Tue Jul 11th, 2006 at 09:01:50 AM EST
The guitar is practically the sine qua non of modern rock and roll. The singer may be sexy and get all the girls, but the coolest guy in the band is always the one swinging the six-string Stuka. No guitar ? Well sorry Kraftwerk, Pet shop boys et al, whatever it is you do, it just ain't rock and roll.
So, who invented rock and roll guitar ? Where do we first hear the unmistakeable elements that we can say "this was it" ? There are so many fitting claimants;-
Some say Elvis' backing player, Scotty Moore, others have suggested Chuck Berry. Or maybe it was Hank Williams with his works "Move it on Over" & "Lovesick blues" that have been regularly attributed with being the first real rock and roll records. But they were just building on already established elements. They added nothing which was not pre-existing.
So surely it was Robert Johnson !! Everybody says so; and here there is a case to answer, for if you listen to modern rock guitarists they fall into two camps. First there are those who are lyrical lead players, the Eric Claptons, Peter Greens, Jimmy Pages and Jeff Becks of this world. These are the inheritors of Robert Johnson. His ability to shape the guitar's voice, not so much an accompaniment and more as a counterpoint to his vocal and mould a whole new world of expression with his creativity. This is what what inspired such people, they wanted that commanding voice, the solo violin of the rock world, that which everybody else serves.
But there is another tradition, mixing lead and rhythm playing together, even within the same bar so that a dense network of chord progression, modal colour and tones are mixed together, less to express the lyricism (and ego) of the player and more serving the development of the music itself.
Here we obviously find Keith Richards, but also Pete Townsend, Hendrix even Slash of Guns and Roses. It is this tradition which, if you chase all the way back is finally attributable to the shy and unassuming country & western player of the 30s, Maybelle Carter (nee Addington).
The Carter Family are legends in the C&W canon, poor backwoods hillbillies who walked down a hillside in 1927 to audition for Ralph Peer, a New York-based A&R man for Victor Records who was scouting for local talent in Bristol, Tennessee. And strode into history. They were quickly offered a contract and eventually recorded over 300 records.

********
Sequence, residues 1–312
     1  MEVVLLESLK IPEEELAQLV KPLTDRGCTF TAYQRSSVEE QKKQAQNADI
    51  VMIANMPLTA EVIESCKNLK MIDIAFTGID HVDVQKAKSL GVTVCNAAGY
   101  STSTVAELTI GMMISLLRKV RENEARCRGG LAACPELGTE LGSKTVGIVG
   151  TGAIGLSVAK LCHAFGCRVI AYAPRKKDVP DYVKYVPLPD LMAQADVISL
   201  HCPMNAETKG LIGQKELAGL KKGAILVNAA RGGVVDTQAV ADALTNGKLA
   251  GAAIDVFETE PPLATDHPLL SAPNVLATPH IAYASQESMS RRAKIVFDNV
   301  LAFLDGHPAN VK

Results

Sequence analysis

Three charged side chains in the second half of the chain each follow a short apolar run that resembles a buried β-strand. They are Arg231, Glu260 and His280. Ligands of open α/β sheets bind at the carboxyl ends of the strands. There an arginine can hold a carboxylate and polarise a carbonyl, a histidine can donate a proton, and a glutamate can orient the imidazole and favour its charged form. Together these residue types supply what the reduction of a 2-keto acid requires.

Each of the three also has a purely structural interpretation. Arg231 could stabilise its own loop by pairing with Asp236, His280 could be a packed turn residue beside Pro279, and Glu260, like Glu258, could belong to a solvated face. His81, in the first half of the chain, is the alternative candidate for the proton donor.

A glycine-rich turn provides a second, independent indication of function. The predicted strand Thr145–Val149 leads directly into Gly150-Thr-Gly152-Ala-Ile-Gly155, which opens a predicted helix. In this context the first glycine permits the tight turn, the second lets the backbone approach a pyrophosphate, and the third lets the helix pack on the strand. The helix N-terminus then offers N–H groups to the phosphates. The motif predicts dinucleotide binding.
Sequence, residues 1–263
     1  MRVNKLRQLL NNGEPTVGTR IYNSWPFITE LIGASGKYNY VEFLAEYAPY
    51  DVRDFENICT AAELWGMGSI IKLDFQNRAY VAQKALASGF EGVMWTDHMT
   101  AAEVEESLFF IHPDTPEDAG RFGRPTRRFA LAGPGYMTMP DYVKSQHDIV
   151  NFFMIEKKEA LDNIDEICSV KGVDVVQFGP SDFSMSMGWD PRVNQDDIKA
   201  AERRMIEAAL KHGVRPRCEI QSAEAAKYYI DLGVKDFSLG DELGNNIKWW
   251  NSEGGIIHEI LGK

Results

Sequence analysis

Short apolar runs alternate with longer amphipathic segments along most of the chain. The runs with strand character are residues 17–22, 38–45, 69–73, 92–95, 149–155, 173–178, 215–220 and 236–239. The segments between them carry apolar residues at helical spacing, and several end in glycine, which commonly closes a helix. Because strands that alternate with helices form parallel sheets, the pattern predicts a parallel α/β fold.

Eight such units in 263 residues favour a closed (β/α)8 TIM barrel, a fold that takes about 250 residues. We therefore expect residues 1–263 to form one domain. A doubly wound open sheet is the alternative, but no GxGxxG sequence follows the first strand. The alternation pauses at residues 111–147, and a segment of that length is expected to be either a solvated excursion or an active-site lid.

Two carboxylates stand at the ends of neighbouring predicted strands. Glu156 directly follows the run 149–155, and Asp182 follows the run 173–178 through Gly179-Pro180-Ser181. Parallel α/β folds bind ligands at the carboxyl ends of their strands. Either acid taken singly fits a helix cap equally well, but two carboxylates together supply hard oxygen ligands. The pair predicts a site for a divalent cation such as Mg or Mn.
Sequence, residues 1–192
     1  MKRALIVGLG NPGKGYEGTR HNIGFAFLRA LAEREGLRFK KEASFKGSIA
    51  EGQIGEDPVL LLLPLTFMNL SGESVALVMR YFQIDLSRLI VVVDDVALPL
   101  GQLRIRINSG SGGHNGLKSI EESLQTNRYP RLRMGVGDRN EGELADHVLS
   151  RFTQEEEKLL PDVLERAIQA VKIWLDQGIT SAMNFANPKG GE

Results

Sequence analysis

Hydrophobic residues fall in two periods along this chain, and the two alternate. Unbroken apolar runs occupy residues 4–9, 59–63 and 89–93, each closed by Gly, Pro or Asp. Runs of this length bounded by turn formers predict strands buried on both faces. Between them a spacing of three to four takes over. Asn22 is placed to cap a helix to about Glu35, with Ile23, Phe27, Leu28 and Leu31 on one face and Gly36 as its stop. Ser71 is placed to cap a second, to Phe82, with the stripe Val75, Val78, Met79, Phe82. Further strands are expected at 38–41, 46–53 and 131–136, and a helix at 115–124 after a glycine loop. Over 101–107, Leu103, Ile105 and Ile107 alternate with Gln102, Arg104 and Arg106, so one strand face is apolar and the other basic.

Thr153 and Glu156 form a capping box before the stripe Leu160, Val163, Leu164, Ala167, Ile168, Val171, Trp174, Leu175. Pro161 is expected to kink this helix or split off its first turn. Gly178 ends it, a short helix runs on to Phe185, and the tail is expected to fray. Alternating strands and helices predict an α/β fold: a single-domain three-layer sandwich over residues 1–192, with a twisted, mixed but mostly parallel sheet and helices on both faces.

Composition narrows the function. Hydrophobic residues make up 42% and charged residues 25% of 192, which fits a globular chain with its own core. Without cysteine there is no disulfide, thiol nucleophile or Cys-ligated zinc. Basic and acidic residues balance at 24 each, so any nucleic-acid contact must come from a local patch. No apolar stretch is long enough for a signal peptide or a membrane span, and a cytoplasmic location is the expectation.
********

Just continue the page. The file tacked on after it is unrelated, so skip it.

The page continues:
The Carter Family's instrumental backup, like their vocals, was unique. Indeed, Maybelle's style was named "Carter-style" picking and became the standard bluegrass technique. On her Gibson L-5 guitar, Maybelle played a bass-strings lead (the guitar being tuned down from the standard pitch) that is the mainstay of bluegrass guitarists to the present. Sara accompanied her on the autoharp or on a second guitar, while A.P. devoted his talent to singing a haunting though idiosyncratic bass or baritone. Listening to their music nowadays, the guitar sounds so much like the Rolling Stones it shouts out at you, yet it was fully 30 - 40 years before.
It was this style, heard throughout the land thanks to the booming interest in bluegrass radio during the 30s and 40s that influenced so many country and western players. Highly adaptable to the requirements of both group and solo playing (Woodie Guthrie's style is Carter style picking and Dylan was a Guthrie devotee) it was readily adopted in the new world of the electric guitars coming from the Gibson and later the Fender factories in the 50s.
Although never famous this side of th Atlantic, Maybelle Carter was recognised by american rock stars of the 60s as being a primary influence, even touring with Janis Joplin at the height of the latter's fame.
Maybelle Carter, creator of the rock and roll guitar. (b. May 10, 1909; d. October 23, 1978)
"What the boys don't know, the little girls all understand".